Suffolk staycation prices drop, despite national costs spiking
- Credit: Sarah Lucy Brown
The price of a staycation in Suffolk appears to have dropped over the course of the pandemic despite prices spiralling elsewhere in the country.
An investigation by the BBC and consumer group Which? found that self-catered accommodation in the UK is costing on average 40% more than in the summer of 2019.
But data from AirDNA — which monitors websites such as Airbnb and Vrbo, and provided the data for the BBC investigation — shows that the price of a break in Suffolk has actually fallen since 2019.
Their analysis found the average price of a night in self-catered accommodation in Suffolk in July this year was £123. This is down 5% compared to July 2019 when it was £130.
Madeleine Parkin, from AirDNA, said: "More generally, we're seeing a rise in average daily rate nationally, partly driven by the move from small, city-centre apartments to larger, more rural houses and villas, which traditionally charge more, and partly by whole families or groups of friends travelling together and booking larger properties.
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"It could be the case that the average has not risen in Suffolk as the average property size is 2.4 bedrooms, so most of the bookings are still in smaller apartments and houses, which don't charge as much as larger properties."
Ms Parkin added that there are fewer properties currently marketed for rental in Suffolk than there were in 2019.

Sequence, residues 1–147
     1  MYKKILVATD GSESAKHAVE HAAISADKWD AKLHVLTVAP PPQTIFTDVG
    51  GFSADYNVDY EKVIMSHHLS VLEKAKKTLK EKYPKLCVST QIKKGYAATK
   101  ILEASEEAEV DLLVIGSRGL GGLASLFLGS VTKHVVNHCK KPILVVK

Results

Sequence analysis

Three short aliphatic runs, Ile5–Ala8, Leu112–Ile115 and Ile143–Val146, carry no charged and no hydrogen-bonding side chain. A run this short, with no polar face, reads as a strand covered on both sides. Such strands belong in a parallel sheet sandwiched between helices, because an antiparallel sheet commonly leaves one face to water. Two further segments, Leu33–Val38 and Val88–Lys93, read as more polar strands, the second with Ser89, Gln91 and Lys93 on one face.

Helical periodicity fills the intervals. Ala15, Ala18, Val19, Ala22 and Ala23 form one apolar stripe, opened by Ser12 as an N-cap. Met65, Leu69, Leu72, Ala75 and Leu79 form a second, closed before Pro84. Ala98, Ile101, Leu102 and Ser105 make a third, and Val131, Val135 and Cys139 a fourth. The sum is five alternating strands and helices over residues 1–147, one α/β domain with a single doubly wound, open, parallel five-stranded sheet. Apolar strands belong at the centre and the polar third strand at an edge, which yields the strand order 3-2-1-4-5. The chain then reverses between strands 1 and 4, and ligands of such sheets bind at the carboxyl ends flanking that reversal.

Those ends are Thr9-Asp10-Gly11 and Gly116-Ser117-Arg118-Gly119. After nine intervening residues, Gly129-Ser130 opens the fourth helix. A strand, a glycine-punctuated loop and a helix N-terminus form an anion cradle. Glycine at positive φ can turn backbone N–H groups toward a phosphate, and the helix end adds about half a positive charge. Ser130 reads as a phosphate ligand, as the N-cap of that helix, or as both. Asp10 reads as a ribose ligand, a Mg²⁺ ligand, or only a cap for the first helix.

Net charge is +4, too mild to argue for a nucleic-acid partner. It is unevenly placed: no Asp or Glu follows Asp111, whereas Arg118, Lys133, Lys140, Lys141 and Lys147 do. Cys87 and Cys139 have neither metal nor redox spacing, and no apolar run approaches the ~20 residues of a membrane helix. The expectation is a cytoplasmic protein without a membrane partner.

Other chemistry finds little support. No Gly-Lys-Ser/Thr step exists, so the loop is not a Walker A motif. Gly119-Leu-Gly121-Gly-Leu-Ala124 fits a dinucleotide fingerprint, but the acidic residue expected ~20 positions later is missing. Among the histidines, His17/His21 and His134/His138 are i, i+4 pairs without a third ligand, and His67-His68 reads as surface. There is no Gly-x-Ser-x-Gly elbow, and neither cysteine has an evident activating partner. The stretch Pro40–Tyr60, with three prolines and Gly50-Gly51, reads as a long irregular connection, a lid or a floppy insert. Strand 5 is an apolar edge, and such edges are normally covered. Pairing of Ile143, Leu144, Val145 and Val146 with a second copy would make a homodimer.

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Abi Charter, from Woodbridge-based holiday cottage rental firm Best of Suffolk, said the company's rates had gone up.
"They've increased in line with the market conditions," she said. "We have increased our prices, mainly to cover the increased cost of housekeeping, PPE, and Covid guidelines.
"All of the changeovers and everything are taking much longer than normal because there are more regulations in place.
"We always monitor our prices compared with our competitors in the market locally."
Ms Charter added that Best of Suffolk had seen an increase in owners staying in second homes that were normally used as rental properties.
This data comes after one Suffolk holiday cottage hit the headlines for being priced at £105,000 per week. It was later taken off the market.